Thursday, September 3, 2015

Week of Sept. 4 - 10 (Rhoades)

Tropic Overview

Tropic Cinema Gives You a Choice of Film Genres
Reviewed by Shirrel Rhoades
Film Critic, Cooke Communications

Tropic Cinema covers a wide swath of film genres this week -- dramedy, psychological thriller, musical drama, feminist comedy, superhero blockbuster, and A-list action adventure. Take your pick.

“Mistress America” is a new indie film from Noah Baumbach starring his talented girlfriend Greta Gerwig. Here gal-about-town Brooke (Gerwig) wanders around NYC with her soon-to-be stepsister
(Lola Kirke), bringing the timid college freshman out of her shell with a series of questionable misadventures. One Guy’s Opinion sees it as “a sharp, sophisticated modern screwball comedy with an underlying strain of poignancy.” And St. Louis Post-Dispatch says, “It confirms that Gerwig is among the brightest talents on the cinema scene.”

“The Gift” shows Jason Bateman in a new light, not as the comedian but as a serious actor. His character’s past catches up with him when he bumps into an old high school acquaintance known as
Gordo the Weirdo (director/co-star Joel Edgerton). 3AW says, “What starts out as a standard psycho drama soon develops into a deliciously malicious tale of deceit and secrecy, ridden with some ingenious left turns.” And MediaMikes describes it as “full of great scares and even greater performances.”

“Ricki and the Flash” proves Meryl Streep can play anything (including an electric guitar). As an aging rock singer who abandoned her family in search of fame, she must return to Indianapolis to
comfort her daughter (played by Streep’s real-life daughter Mamie Gummer) who is going through a bad divorce. The List says, “Meryl is a goddess, there are some laughs and the sing-along climax is sweetly joyous.” Herald Sun tells us, “It is another deeply immersive performance from Streep that repeatedly lifts this bittersweet comedy-drama hybrid out of the doldrums.” And Sydney Morning Herald calls it “likeable and surprisingly low-key.”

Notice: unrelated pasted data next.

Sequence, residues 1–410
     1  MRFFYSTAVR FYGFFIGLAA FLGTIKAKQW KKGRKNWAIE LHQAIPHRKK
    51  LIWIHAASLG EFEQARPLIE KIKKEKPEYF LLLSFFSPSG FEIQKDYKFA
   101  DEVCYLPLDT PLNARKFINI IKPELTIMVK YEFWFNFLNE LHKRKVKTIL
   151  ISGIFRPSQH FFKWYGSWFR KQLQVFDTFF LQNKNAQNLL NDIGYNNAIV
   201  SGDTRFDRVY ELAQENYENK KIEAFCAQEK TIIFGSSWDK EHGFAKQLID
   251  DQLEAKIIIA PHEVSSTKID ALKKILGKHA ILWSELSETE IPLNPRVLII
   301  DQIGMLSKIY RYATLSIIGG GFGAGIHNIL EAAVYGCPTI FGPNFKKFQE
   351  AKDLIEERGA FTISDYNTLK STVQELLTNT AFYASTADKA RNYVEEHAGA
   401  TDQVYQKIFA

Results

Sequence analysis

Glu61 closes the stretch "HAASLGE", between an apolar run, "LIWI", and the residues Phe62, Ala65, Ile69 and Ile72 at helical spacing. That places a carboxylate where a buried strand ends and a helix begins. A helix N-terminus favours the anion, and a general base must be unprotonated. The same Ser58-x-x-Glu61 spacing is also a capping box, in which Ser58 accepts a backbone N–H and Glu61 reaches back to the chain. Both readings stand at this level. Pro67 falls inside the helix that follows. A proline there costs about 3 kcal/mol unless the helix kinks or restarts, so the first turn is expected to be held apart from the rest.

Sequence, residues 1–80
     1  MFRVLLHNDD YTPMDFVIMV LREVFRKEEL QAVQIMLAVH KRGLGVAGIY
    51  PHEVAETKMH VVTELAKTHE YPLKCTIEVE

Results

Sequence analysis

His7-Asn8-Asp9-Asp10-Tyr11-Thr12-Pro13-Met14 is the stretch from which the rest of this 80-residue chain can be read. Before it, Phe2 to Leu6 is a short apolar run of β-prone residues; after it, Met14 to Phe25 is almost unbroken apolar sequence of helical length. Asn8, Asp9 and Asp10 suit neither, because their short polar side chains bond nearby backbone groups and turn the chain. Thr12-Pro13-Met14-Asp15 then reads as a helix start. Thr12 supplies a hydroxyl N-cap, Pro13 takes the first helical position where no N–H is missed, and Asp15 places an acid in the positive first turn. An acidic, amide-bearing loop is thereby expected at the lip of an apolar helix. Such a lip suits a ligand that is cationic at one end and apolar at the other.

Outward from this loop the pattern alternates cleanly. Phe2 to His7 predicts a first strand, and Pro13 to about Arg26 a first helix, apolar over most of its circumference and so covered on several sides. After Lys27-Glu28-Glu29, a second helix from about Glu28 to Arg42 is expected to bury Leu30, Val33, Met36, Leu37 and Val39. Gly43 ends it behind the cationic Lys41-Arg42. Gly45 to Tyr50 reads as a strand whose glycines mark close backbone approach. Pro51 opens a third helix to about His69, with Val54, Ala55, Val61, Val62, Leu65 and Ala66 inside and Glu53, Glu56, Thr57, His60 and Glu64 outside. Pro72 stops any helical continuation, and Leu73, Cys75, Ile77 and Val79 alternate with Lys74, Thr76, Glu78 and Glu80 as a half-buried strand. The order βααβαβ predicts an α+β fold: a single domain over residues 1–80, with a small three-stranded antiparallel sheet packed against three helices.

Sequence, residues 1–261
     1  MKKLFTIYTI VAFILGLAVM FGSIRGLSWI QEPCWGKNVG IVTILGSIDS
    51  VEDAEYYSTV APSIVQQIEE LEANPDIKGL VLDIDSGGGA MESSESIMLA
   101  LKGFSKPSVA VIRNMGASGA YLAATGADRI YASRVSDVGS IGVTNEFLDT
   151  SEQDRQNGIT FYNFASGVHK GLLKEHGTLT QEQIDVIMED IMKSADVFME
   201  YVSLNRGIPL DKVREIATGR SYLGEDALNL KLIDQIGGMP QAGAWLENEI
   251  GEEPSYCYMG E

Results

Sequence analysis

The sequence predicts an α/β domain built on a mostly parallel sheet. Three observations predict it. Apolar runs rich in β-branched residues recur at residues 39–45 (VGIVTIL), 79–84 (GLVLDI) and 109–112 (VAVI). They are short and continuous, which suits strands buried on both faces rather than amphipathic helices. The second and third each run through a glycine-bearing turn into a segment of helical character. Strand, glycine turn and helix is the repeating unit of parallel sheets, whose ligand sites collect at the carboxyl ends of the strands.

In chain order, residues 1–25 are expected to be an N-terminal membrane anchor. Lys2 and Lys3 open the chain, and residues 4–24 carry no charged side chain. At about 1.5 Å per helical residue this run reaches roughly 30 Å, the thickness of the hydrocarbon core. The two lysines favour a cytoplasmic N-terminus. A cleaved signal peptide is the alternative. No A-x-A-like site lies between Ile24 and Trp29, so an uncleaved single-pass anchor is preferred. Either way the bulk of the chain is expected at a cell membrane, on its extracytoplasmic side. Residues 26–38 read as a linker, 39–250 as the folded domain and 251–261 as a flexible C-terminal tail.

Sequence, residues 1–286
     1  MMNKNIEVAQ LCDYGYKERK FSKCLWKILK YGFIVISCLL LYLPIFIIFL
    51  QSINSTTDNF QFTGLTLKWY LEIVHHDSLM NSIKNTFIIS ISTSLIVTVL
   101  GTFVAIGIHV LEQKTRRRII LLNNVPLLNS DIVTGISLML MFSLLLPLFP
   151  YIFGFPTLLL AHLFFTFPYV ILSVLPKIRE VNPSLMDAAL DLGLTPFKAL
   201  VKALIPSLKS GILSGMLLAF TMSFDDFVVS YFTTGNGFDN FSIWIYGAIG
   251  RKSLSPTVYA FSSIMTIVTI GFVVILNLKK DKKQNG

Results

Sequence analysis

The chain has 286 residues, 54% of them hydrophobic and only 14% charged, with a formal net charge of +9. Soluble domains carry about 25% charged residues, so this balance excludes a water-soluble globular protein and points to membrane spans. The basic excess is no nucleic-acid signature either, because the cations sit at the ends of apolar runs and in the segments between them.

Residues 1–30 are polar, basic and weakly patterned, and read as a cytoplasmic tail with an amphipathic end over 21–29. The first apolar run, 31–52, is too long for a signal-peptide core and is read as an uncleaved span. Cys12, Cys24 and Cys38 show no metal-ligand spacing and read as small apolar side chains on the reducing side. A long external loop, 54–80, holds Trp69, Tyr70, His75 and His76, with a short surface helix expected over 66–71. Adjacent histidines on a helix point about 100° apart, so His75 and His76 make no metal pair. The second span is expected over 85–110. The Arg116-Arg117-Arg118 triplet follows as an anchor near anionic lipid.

“Trainwreck” will cause you to laugh out loud (and wince a few times) watching Amy Schumer make her movie mark as a commitment-phobic magazine writer who meets a guy worth getting serious about (Bill Hader). ABC Radio says, “It's a fun, crude comedy with an outrageous central
character and plenty of great one-liners.” And En La Butaca says, “Director Judd Apatow’s newest comedy is his best work in years.”

“Ant-Man 3D” is the new comic book movie based on a little-known Marvel superhero who can shrink to the size of an ant. In this first outing, Ant-Man (Paul Rudd and Michael Douglas) must keep a mad tycoon from selling this top-secret shrinkage technology
to the bad guys. Indie London says, “It may boast the world’s smallest superhero but Marvel’s Ant-Man is big on fun and ingenuity.” And Junkee explains, “Ant-Man is entertaining because it uses big-movie tricks without big-movie hyperbole.”

“Mission Impossible: Rogue Nation” may be the best action movie of the year, once again starring Tom Cruise as the IMF spy who can’t be stopped. Cruise does his own stunts as usual, this time hanging off the side of an airplane and holding his breath underwater for, well, impossible lengths. GQ Magazine observes, “Director Christopher McQuarrie steps in with a thriller that mixes old-
fashioned spy movie tropes with state-of-the-art action beats and a rich helping of wit.” SF Weekly adds, “The introduction of British agent Ilsa Faust (Rebecca Ferguson) to the mix suggests that this may be one of the only ongoing spy concerns that actually know how to use female characters.” And Cinefantastique concludes, “The ending even managed to build up a fair share of tension (though why I should have doubted that Cruise’s awesomeness would prevail…).”

What to see? Depends on your mood. But rest assured, there’s not a bad movie among them.

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